First National Real Estate Conference

Acknowledgments omitted.

It’s not often I get to talk about all my portfolio responsibilities at the one conference.

But as Minister for Housing, Minister for Homelessness and Minister for Small Business, today I’m wearing all my hats.

Given your housing interests and small business backgrounds, I’m pleased to talk about the measures announced in Tuesday’s Federal Budget.

It was a responsible budget. It struck the right balance in responding to the pressures of the here and now while creating opportunities down the track.

Importantly, the budget built on actions we’ve already taken to reform housing policy and get a better deal for small businesses.

Housing challenges

Let me start with the housing side of things.

The reality is we don't have enough homes in Australia.

We need to build more of the right homes in the right places.

And we need to build them sooner rather than later.

The real estate industry understands the complexity of Australia’s housing challenges better than most.

Frankly, no single policy measure can solve our affordability, rental, social housing and homelessness challenges.

All tiers of government, not-for-profits, the private sector and industry have a role in improving housing outcomes.

For its part, the Albanese Government’s agenda represents the most comprehensive national housing policy in decades.

We’ve spent the first year in government developing a suite of measures.

And the Budget builds on that in a targeted way.

Social and affordable housing

We’ve announced there will be an additional $2 billion in financing available to support more social and affordable rental housing.

We’re increasing the National Housing Finance and Investment Corporation’s liability cap from $5.5 billion to $7.5 billion from 1 July 2023.

This will enable NHFIC to support more social and affordable rental homes by providing lower cost and longer-term finance to community housing providers.

Home Guarantee Scheme eligibility

I was also pleased to announce plans to expand eligibility for the Home Guarantee Scheme.

The First Home Guarantee and the Regional First Home Buyer Guarantee are currently available to singles and married or de facto couples.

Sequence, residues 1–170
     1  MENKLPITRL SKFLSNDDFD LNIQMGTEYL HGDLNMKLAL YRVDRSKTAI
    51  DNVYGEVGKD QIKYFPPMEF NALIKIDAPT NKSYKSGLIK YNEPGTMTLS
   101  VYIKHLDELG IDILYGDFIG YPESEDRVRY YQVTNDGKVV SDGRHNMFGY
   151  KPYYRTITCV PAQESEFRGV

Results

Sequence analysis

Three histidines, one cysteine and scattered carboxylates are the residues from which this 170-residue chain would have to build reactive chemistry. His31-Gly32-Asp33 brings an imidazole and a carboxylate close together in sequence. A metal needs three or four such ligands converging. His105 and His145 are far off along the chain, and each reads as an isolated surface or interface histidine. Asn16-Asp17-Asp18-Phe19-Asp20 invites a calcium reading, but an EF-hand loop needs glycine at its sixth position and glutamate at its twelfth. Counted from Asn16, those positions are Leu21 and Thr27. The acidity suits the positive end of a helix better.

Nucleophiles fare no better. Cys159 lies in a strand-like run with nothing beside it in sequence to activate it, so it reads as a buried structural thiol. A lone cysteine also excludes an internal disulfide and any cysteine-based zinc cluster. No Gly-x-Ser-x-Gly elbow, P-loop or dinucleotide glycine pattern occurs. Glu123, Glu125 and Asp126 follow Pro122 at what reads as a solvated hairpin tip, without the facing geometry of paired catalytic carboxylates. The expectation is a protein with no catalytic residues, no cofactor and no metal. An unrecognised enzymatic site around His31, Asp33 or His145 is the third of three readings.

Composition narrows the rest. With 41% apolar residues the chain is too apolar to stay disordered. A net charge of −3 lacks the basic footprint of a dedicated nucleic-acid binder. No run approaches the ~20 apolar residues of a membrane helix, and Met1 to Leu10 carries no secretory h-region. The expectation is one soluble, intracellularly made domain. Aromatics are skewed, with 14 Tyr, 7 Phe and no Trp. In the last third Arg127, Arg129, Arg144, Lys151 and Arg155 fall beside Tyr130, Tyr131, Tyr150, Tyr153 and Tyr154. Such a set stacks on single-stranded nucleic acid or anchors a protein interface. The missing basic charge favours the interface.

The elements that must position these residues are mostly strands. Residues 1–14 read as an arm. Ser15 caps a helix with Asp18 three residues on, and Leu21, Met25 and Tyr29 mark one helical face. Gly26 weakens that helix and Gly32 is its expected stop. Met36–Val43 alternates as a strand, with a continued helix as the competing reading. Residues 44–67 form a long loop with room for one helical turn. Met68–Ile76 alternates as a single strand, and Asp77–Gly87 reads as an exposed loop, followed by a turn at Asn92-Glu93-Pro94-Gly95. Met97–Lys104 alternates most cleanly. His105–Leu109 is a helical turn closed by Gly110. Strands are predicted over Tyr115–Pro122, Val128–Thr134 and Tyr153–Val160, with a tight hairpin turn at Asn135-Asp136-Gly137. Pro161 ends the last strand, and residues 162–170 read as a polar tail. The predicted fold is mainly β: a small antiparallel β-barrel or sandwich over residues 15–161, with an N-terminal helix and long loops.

Applicants must also be first home buyers.

That changes from 1 July 2023.

The guarantees will be open to any two eligible borrowers who haven’t owned a property in Australia in the past ten years.

It means more people – siblings, parents and their adult children, or friends – will have the opportunity to own a home sooner.

We’ve also made a small but important change to the Family Home Guarantee.

Currently applicants have to be single natural or adoptive parents with dependents to apply for the guarantee.

We’ve extended eligibility to include single legal guardians of children as well, such as an aunt, uncle or a grandparent, bringing the dream of homeownership closer for more Australians.

Our final change extends eligibility of all three guarantees to Australian Permanent Residents, in addition to Australian citizens.

These changes build on last year’s increase in the number of places available under the Scheme, including the establishment of the Regional First Home Buyer Guarantee.

Support for renters

The Government recognises the significant pressures many renters face.

We will increase the maximum rates of Commonwealth Rent Assistance by 15 per cent.

This measure will help relieve cost-of-living pressures, especially for those experiencing rental stress.

Around 1.1 million households receiving the maximum CRA rate will be better off.

National Cabinet

National Cabinet recently agreed to a range of reforms to support a national approach to the growth of our cities, towns and suburbs.

As part of the agreement, planning ministers, working with the Australian Local Government Association, will report back to National Cabinet in six months with a proposed reforms to increase housing supply and affordability.

To review and streamline planning approvals to ensure we have more housing.

Housing ministers have also been asked to report back on reforms to strengthen renters’ rights across the country.


The Budget also confirmed a $67.5 million funding boost to assist the sector in tackling homelessness challenges.

Too many Australians experienced homelessness on Census night – and frankly, every other night.

It’s something we need to address as a nation.

We delivered a funding boost while we develop a National Housing and Homelessness Plan.

The Plan will set out a 10-year strategy to inform housing and homelessness policy in Australia.

I look forward to working with the states and territories, industry bodies and not-for-profits to deliver lasting change in this area.

Housing reforms

The budget builds on actions we’ve already taken to reform housing policy.

We’ve established the National Housing Accord.

We increased the number of places available under the Home Guarantee Scheme in 2022 – as mentioned earlier.